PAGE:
The man most responsible for drawing my attention back on to the political playing field, Gov. Howard Dean, spoke recently with Ari Berman at The Nation.com; assessing President Obama’s chances for re-election. Far from the fiery presidential candidate from 2003-2004, Dean still retains my respect as someone who walks his talk and, in my opinion, should be seen as the architect of the Democratic surge in 2008 that gave us the White House as well as major increases in both the House and the Senate with his “50 State Strategy” as Chair of the DNC. (Although he will never receive his proper credit from the Obama Administration) The fact that Obama turned him out at the DNC and we got handed our hats in 2010 only reinforces my position.
About President Obama’s re-election, Dean says: “Obama’s chances have definitely improved. If Mitt Romney’s the Republican nominee, I would say it’s a one or two point win for Obama.” And he goes even further when he adds, “I’m predicting flat out that if Obama wins, Democrats take back the House.”
Now, obviously I am not one of President Obama’s biggest fans and would still prefer to see a Howard Dean in the White House but I think even the most critical Progressive; after reviewing the (current) Republican field, would have to agree with Dean’s assessment of the presidential race. As far as the House races are concerned, Berman adds this caveat: “Other analysts have recently raised that possibility, even though GOP domination of the redistricting process gives Republicans a major edge in 2012.” Still, according to Berman:
“Looking at the Electoral College map, Dean predicts that Obama will win 296 electoral votes to Romney’s 242. He believes that the president will hold the crucial swing states of Florida, Virginia, Ohio, Colorado, New Mexico and Nevada, and “could have a shot in Arizona because of the Latino vote.” Dean cautions that Obama “could lose Pennsylvania and Michigan and will probably lose North Carolina,” where Democrats are holding their convention this fall, along with Indiana. Still, all the president needs is 270, and currently has a number of different pathways to victory.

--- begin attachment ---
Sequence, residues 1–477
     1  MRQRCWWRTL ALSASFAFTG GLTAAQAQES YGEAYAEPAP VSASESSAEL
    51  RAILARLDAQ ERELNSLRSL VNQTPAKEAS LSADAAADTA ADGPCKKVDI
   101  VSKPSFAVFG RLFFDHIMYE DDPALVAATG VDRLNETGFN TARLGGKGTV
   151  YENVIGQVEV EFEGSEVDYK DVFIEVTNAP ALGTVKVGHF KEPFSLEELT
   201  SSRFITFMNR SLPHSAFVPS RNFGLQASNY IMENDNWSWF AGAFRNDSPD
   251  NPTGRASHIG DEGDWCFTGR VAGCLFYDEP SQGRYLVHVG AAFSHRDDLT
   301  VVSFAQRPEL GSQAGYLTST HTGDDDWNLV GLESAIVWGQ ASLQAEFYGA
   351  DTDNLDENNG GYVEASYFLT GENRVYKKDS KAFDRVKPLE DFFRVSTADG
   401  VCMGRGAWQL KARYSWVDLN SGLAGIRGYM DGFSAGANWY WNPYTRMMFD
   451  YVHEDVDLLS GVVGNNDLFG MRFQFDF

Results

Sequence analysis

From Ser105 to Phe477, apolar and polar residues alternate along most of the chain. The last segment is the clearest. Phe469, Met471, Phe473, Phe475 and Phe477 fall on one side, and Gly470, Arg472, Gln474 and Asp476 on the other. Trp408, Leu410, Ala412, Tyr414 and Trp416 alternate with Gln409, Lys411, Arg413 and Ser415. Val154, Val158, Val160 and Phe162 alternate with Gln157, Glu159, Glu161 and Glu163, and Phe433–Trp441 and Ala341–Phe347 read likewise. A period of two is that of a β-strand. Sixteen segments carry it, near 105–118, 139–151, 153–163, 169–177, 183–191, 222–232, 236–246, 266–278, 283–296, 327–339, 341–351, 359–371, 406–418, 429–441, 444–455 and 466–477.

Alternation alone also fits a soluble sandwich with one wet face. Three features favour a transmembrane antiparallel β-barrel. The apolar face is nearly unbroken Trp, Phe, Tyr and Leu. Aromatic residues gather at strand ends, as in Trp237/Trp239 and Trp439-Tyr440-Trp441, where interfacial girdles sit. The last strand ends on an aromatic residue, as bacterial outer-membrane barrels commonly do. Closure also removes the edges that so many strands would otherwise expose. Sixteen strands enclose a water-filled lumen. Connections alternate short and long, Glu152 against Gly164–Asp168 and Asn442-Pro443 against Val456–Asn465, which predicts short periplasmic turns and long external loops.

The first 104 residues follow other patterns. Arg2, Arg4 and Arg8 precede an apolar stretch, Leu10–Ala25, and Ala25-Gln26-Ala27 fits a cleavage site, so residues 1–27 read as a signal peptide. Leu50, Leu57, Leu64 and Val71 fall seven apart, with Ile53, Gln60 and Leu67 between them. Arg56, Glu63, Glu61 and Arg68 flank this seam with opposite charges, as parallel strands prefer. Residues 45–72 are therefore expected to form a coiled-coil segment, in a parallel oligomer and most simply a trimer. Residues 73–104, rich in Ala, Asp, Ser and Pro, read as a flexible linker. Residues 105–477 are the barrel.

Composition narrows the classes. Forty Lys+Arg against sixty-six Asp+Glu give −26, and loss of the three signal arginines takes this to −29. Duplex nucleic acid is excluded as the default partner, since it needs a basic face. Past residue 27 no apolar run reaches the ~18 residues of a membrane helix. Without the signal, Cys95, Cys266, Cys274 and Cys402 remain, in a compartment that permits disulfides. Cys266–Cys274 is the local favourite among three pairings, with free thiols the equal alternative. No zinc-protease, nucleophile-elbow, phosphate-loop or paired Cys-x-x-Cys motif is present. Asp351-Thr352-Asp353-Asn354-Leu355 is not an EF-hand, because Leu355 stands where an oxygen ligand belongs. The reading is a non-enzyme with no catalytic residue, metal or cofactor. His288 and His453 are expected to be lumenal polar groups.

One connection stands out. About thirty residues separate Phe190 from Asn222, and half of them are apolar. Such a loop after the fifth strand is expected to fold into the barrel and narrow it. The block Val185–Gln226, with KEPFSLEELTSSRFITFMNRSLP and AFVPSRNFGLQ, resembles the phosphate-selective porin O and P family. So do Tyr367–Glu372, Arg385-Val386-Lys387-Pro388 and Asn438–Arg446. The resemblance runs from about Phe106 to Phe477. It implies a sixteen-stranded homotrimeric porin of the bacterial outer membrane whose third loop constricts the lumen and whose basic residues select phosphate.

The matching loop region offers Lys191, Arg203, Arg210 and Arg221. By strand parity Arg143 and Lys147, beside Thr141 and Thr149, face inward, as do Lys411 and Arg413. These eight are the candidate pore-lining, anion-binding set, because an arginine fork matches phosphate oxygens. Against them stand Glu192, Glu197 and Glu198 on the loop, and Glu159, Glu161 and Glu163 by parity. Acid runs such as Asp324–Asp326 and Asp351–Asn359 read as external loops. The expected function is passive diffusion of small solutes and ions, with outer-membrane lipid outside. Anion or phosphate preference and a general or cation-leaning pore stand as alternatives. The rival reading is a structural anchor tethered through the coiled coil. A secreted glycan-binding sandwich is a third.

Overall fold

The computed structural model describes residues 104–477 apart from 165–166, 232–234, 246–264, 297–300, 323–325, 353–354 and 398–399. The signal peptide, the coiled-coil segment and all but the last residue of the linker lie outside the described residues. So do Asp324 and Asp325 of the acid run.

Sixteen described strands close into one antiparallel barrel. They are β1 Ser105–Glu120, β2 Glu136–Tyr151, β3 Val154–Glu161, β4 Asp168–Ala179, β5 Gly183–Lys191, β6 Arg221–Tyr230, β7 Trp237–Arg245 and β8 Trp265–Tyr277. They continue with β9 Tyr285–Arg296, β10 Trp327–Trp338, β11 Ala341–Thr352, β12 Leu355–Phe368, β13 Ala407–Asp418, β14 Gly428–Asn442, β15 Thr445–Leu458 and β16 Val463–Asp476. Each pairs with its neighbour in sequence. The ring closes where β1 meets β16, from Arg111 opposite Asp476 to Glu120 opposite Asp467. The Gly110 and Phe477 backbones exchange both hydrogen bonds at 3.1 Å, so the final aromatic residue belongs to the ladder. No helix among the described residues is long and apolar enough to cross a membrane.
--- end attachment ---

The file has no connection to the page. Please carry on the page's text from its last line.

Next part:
Dean believes the Hispanic vote will give Obama and Democrats a major advantage in crucial swing states out West. “The Latino vote will break for Obama big time,” he predicts. Obama beat John McCain among Hispanic voters by 36 points in 2008, 67-31 percent. A Pew Hispanic Center poll at the end of the year showed Obama beating Romney by 45 points among Hispanic voters, 68-23 percent.”
Dean also has this to say about the Occupy Movement’s role in this year’s election:
“If Obama is re-elected, he will owe an enormous debt to Occupy Wall Street, which he will never acknowledge. Their core message is ‘the emperor has no clothes. It is the 99 percent versus the 1 percent.’ Americans have felt like that for awhile, but they couldn’t say it or talk to each other about it before OWS.”
Of course, one of Obama’s biggest hurdles this year will be to turn out the Progressive base; a great many of whom have all but given up on seeing a Progressive agenda out of DC in the foreseeable future. To Progressives, Dean has this to say,
“I believe we need a progressive party in this country. But for progressives to not vote for Obama is crazy. Citizens United would have never been put into law and America would never have been sold to the highest bidder had Al Gore won in 2000. Obama, if he wins, is going to appoint maybe one or two more Supreme Court justices. That could make all the difference. For that reason alone, you can’t say there’s no difference between the parties. Politicians in Washington may not be able to help you much, but they sure can hurt you.”
On that note, Gov. Dean and I still are in 100% agreement.
Chad (The Left) Shue